I’m from the South, and remember vividly the first time I heard the instructions for planting kudzu: “Throw it on the ground and run like hell.” I think about the kudzu every time I pick up the phone and talk to a dealer who says that he is in the rent-to-own or lease-to-own business. Why? Because there is more misinformation circulating about these programs than about any other independent dealership topic that I know of, that’s why.
Occasionally, we are asked to actually look at one of these programs before a dealer implements it. There are two telltale signs that we look for that almost always spell trouble, one in LHPH programs, the other in RTO programs.
The LHPH problem is the so-called “dollar-out” lease. We see these frequently. In such a lease, the lessee is offered the option to buy the leased vehicle at the end of the scheduled lease term for $1, or for some other nominal amount. The problem with such a provision in a lease is that, depending on the definitions in your state’s law, it can turn the “lease” into a retail installment sales contract for the purposes of state law, which means that the so-called “lease” has to contain all of the provisions and disclosures required by the state’s retail installment sales act. At the federal level, such a provision has the same effect, making the “lease” subject to Federal Reserve Board Regulation Z (a real lease would be subject to Regulation M, which is a completely different kettle of fish). Because the documents were never intended to comply with these state and federal laws, they are often in flagrant violation of them.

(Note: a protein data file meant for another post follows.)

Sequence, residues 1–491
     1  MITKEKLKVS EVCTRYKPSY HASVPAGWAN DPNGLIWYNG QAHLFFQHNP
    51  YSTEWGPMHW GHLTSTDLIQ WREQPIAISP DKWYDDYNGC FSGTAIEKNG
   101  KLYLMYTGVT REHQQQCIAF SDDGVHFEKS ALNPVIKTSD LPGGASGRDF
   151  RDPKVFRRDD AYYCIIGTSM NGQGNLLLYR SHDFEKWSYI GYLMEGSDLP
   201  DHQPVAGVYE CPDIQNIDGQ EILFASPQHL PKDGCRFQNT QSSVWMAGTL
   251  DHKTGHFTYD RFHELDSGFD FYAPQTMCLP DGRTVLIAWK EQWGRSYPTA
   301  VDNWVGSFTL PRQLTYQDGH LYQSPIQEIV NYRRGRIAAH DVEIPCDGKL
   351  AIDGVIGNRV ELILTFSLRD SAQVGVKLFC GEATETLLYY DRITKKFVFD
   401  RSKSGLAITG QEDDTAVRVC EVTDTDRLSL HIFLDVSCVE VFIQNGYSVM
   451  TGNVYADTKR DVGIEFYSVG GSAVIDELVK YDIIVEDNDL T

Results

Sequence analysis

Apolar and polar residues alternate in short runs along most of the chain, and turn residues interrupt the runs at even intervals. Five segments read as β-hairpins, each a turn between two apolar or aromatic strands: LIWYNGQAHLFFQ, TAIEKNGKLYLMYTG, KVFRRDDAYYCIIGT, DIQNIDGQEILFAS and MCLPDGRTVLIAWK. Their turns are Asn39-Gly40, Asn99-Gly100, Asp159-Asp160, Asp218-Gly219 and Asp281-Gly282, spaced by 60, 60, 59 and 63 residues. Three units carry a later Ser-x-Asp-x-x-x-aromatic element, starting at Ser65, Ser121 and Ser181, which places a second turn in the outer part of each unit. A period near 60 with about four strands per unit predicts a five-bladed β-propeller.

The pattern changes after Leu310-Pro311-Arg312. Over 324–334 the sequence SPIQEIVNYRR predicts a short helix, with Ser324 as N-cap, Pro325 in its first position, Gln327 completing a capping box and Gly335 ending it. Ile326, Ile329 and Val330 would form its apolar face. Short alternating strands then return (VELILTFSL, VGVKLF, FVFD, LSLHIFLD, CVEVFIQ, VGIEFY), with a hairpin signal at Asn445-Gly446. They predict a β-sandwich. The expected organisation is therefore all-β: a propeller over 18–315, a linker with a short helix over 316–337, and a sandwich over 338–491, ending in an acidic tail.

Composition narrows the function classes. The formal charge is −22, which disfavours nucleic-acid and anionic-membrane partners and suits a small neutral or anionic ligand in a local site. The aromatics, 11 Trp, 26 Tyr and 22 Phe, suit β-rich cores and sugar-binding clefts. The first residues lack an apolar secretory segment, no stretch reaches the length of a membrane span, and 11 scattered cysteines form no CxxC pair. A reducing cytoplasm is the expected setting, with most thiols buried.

The RTO problem that scares us to death is the RTO program that has an initial rental term of more than four months. The problem with a long initial rental term is that it brings the RTO program within the scope of the definitions of Regulation M. Because the RTO programs that we see seldom comply with Reg. M, the resulting documents are full of federal violations.
These certainly are not the only problems we are seeing in LHPH and RTO programs, but these issues just seem to be the flavor of the month. Usually a program that has one of these problems has plenty of additional problems.
So when the LHPH or RTO salesperson comes calling, be careful. Some companies offering these programs are responsible outfits that have done their homework. Others are, shall we say, not so diligent.
We’ve developed a pretty good test for determining which is which. We tell dealers that when they are offered any new program (not just LHPH or RTO, but any program) by a vendor, they should request copies of the vendor’s legal opinion that says, without too many unsettling qualifications, that the program complies with all applicable federal and state laws.
When the dealer asks for such an opinion, the vendor either provides it or not. If no opinion is available, there’s a reasonably good possibility that none exists. In such a case, we advise the dealer to run like hell (that’s a legal term that means “run like hell”).
If the vendor produces an opinion, we first review it to see who wrote it and whether the author’s credentials indicate whether he or she is likely to have a clue what he or she is talking about. We then review the text of the opinion itself, and see whether it looks like the lawyer has identified and answered all of the important issues that such an opinion needs to address, and whether we agree with it.
After all, a dealer doesn’t want someone planting kudzu on his lot.